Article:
Washington, DC is a busy place. People here work hard. They work long hours, and they’re rarely completely “off the clock” — walk into any DC-area bar or hang out at any DC-area restaurant, and you’re sure to overhear policy discussions, business conversations, and governmental wrangling. Our streets are full of K Street businesspeople, impassioned nonprofit crusaders, and harried congressional aides. Everywhere you look, hard-working people are rushing around and trying to get things done for the betterment of our city, region, and country.
That’s great news for people who thrive on building their careers, but it’s also a pretty stressful and untenable thing. We’re committed to what we do, but who among us doesn’t get a little nervous when they see other people — people who may have the same career dreams as us — hustling around (and perhaps out-hustling us)? Who among us doesn’t worry that we’ve chosen the wrong job or offended the wrong person, impressed the wrong people or taken too little money? Careers can be stressful, and in a city like Washington, DC, they have extra high stakes, doubling the pressure and distress we can experience.
“Your career is important,
but so is your health.
If you care for your body, your
stress levels will drop — even in
a place as hectic as DC!”
Your career is important, but so is your health. And given how incredibly unhealthy stress is, you may want to consider cutting down on the career-related stress that you deal with here in DC. How can you do it? Here are a few ideas:
Counseling and therapy
Making the right decisions in your career can be tough. Finding the right jobs and career paths is hard. And when you do end up with a job, even one you love, you’re sure to find some stress in your line of work.
But you don’t have to do this alone. Career counselors DC and therapists in DC are here to help. Career counseling can help you think through your decisions and reduce your stress as you forge your career path, and cognitive therapy is a great idea for anyone — no matter what their work or home life may be like. Counseling and therapy can give us both practical job-related strategies and personal mental health coping skills that will make us more productive, improve our relationships, and help us feel happier and more fulfilled.
Don’t just dream of work-life balance — make it happen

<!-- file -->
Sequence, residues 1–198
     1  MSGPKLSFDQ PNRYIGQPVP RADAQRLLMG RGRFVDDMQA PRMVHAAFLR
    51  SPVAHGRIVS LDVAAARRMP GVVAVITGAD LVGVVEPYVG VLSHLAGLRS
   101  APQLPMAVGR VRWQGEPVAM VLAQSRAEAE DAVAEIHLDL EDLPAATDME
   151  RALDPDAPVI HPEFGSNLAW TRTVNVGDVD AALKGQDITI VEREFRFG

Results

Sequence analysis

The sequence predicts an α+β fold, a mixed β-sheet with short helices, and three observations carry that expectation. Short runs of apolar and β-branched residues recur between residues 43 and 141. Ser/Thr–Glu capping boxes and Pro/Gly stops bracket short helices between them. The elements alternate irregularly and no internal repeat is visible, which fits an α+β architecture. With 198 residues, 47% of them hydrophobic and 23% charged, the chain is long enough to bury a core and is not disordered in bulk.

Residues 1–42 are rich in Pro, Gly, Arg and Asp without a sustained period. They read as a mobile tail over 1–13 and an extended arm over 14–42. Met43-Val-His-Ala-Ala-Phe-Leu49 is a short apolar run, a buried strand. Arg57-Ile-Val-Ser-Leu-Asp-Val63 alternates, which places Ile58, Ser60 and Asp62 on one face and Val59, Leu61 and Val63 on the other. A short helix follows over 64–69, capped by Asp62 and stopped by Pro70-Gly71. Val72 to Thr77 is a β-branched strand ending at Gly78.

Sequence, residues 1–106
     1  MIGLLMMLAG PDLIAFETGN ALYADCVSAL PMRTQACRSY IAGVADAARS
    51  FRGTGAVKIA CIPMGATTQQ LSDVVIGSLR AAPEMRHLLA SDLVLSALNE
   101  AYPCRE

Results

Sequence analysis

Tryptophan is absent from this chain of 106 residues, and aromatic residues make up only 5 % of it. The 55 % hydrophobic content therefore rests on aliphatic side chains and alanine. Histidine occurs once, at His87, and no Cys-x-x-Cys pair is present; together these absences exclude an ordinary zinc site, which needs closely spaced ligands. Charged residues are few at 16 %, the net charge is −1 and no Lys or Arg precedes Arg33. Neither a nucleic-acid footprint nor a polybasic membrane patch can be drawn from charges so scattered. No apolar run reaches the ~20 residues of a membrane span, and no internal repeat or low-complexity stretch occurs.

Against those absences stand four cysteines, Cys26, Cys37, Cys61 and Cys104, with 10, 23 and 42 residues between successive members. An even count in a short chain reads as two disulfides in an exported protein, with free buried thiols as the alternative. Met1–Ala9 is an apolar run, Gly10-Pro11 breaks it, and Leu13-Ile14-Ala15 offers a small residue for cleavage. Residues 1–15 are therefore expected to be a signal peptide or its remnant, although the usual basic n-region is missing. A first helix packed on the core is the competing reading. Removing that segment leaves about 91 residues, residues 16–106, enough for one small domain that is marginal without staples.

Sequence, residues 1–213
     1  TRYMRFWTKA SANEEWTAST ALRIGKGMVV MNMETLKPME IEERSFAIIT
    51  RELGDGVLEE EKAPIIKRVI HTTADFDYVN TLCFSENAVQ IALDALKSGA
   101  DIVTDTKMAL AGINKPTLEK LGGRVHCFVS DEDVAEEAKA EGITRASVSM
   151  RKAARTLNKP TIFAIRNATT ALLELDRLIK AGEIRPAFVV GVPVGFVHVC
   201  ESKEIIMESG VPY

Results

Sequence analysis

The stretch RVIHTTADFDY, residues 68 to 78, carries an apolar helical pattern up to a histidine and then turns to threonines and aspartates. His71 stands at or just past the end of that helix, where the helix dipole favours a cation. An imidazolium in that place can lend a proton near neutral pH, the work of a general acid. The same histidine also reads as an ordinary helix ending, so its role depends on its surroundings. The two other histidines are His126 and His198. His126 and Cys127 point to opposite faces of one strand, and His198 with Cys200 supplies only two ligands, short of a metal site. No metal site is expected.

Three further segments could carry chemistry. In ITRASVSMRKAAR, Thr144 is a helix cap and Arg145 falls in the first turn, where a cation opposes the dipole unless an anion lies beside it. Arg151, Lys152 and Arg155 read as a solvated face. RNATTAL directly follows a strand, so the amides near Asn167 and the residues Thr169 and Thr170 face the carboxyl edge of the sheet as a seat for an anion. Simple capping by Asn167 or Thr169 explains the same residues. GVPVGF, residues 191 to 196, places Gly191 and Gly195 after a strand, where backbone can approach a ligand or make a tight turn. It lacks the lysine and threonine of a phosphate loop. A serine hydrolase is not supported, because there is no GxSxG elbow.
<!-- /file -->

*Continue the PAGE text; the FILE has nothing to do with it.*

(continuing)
Many bosses are not exactly known for their love of work-life balance. As millennials have pushed for more benefits and time off (things that, to many modern workers, are more important than salary), old-school bosses have pushed back. Some bosses don’t like when people ask about work-life balance. However, if it’s important to you then you devise talking points for a conversation with your boss. Focus on both how finding balance can help you achieve your goals while at the same time being mindful of their differing world view on time away from work. Coming to the conversation with a win-win attitude is apt to help you to more likely achieve your goals. .
It’s not top of mind for others to advocate that you take time off or encourage you to use all of your vacation days — even though your bosses probably should, given the well-established connections between productivity and time off. So,if you want these things (and you should!), then you’ll need to politely assert yourself.
You also need to establish times when you are not working. You may not be able to ignore all after-hours emails, but you should at least carve out a few hours here and there when you are truly and entirely unavailable. If you’re working — or even just “on call” — after hours, then you’re not really giving your mind a needed break.
Take care of your physical health
Your mental and physical health are closely connected. When your mind is unhealthy, you will see physical symptoms. And when your body is unhealthy — when you are eating poorly, exercising insufficiently, and not sleeping properly — then your mind is going to feel it. You’re going to be more vulnerable to stress, anxiety, and depression. And that’s going to lead to burnout at work and career-related stress.
Take care of yourself. Find ways to eat healthily at the office — pack a lunch from home, if you can. Get proper sleep (it will be easier if you fight for your work-life balance). Go easy on the booze and the fatty foods. If you care for your body, your stress levels will drop — even in a place as hectic as DC!
Have you battled career stress?
Share your thoughts and comments with us.